Season On the Line For The Tigers

Columnist Phillip Marshall writes about the football and basketball Tigers.

The Southeastern Conference season is not half over, but it's already do or die time for Auburn's basketball team.

At 2-4 in the SEC, the Tigers face a must win Saturday at home against Mississippi State. And Mississippi State isn't the team you want to face in that situation. With a home win over Mississippi State and a road win at Arkansas, Auburn could be at 4-4 at the halfway point and still within striking distance of an NCAA Tournament bid.

There actually were some good signs in the 68-52 loss at Florida. Point guard Lewis Monroe looked closer to full-speed than he has at any time since he returned from a broken foot suffered in preseason practice. The Tigers got the ball inside for some easy shots, but they missed too many of them. From here, that seems to be the biggest problem.

An uncontested layup or a wide-open three-point shot are no different against Florida than against Grambling. For whatever reason, other than in the second half against Arkansas, they haven't fallen in recent games. If they start falling, the Tigers have a chance to still make something good of this season. If they don't, this season will be a major disappointment and the speculation about Cliff Ellis' future as head coach will grow.

Coach Cliff Ellis

O'Connell Center was packed for Saturday's game. When Auburn got within two points past the midway point of the second half, the noise was deafening. It's always interesting to go to games there because, before Billy Donovan arrived in 1996, Florida basketball was much like Auburn basketball is now--some really good teams, some great players, little consistency.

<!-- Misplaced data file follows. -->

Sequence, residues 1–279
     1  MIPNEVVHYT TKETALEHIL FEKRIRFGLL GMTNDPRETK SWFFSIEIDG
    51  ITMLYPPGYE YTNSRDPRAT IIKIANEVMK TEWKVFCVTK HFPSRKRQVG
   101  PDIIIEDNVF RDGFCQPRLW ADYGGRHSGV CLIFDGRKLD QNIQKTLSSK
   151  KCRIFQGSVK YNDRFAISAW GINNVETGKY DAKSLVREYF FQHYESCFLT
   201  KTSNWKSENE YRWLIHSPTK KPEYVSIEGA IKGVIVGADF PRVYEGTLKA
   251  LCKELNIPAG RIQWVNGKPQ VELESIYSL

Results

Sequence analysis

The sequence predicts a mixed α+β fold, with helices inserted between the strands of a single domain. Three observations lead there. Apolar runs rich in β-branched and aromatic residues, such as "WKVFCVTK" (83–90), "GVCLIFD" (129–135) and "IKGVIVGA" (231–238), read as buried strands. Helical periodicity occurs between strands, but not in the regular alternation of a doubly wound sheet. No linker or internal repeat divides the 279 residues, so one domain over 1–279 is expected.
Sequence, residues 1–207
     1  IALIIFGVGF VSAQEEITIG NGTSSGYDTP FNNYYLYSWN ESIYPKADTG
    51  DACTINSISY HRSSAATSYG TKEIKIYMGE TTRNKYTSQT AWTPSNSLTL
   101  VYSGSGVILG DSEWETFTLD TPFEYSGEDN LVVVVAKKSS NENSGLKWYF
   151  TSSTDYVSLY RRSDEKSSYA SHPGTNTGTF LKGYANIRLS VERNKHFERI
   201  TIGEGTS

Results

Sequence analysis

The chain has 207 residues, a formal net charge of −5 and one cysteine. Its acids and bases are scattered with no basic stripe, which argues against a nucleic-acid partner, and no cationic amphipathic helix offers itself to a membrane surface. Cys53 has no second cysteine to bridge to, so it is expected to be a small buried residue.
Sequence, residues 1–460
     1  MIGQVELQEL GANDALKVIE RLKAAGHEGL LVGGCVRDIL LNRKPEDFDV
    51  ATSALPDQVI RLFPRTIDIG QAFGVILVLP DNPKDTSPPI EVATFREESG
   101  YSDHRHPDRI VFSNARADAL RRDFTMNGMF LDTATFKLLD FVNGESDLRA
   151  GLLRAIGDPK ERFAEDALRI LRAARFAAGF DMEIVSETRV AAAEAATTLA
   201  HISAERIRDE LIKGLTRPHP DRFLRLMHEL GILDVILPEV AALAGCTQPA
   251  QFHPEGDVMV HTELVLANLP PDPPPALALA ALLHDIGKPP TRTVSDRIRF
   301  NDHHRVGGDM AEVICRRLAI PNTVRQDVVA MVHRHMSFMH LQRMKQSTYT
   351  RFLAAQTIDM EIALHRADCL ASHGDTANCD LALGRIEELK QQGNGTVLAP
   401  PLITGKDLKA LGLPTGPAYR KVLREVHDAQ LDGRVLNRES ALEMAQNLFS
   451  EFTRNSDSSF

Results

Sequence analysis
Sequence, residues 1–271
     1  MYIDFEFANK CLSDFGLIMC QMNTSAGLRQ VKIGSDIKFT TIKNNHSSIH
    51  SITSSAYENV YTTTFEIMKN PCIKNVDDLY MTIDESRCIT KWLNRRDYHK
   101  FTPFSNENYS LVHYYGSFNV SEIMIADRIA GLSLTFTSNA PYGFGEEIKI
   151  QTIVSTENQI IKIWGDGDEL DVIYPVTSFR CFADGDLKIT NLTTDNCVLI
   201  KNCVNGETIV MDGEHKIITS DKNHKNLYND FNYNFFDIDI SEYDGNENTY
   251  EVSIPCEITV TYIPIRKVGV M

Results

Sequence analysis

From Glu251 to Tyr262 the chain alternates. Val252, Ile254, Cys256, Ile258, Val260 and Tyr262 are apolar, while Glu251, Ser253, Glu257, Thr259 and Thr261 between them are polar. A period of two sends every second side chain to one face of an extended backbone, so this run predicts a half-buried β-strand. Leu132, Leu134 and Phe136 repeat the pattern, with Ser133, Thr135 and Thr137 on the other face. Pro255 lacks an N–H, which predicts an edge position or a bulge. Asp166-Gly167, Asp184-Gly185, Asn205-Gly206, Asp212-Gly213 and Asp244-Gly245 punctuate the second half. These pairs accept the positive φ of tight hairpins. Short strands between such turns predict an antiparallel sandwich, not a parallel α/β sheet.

Auburn had an opportunity in 1999 to build on its SEC championship team, but the excitement didn't last. If it is ever going to happen at Auburn, it will take energy and commitment from the administration to the coaches to the fans.

There's no good reason why it can't happen, but history says it probably won't.

In response to some emails I have received…

There were some questions raised about my statements about recruiting in my last column here. To clarify, there certainly are high school players who are obvious future stars before they get to college. It doesn't take much to see that a Bo Jackson or a Herschel Walker is going to do great things, but no recruiting class has many of those. The overall value of a recruiting class can't be determined until the players prove themselves on the field.

As for Auburn's recruiting prospects before the clandestine trip to Louisville, some folks took exception to the idea that Auburn was on the way to having an outstanding year. I don't know if it was or not. I said the coaches thought they were going to have an outstanding recruiting year. And they did think that. We'll never know whether they would have been right or wrong.

Not surprisingly, a lot of concern was expressed about Auburn's basketball program going before the Committee on Infractions. It's going to be quite interesting to see the outcome of that. NCAA rules don't allow enforcement staff members to participate in an investigation of a school where they previously worked, but David Didion did several of the interviews in Auburn's case. Auburn's complaints about that were greeted with shrugs from the enforcement staff.

Wannabe sports agent Mike Walker of McComb, Miss., a convicted felon, started the whole thing. He called Auburn, Kentucky and Alabama with accusations that prospect Jackie Butler had been offered money and that Huntsville AAU coach Mark Komara had been involved. Only Auburn took the bait and started a full-blown investigation. Clara Moore's accusation that she and her son, Huntsville-Lee star Chadd Moore, were offered money and a car came later. There isn't a shred of evidence to back up either claim, but the enforcement staff is determined to go forward. It will be up to the Committee on Infractions to determine whether the accusations have merit.

In a court of law, the case would already have been thrown out. But the NCAA Committee on Infractions is no court of law and the same rules do not apply. What this case really is about is the NCAA's desire to bring down Komara and Didion's desire to bring down Auburn basketball coach Cliff Ellis.

It's as simple as that.

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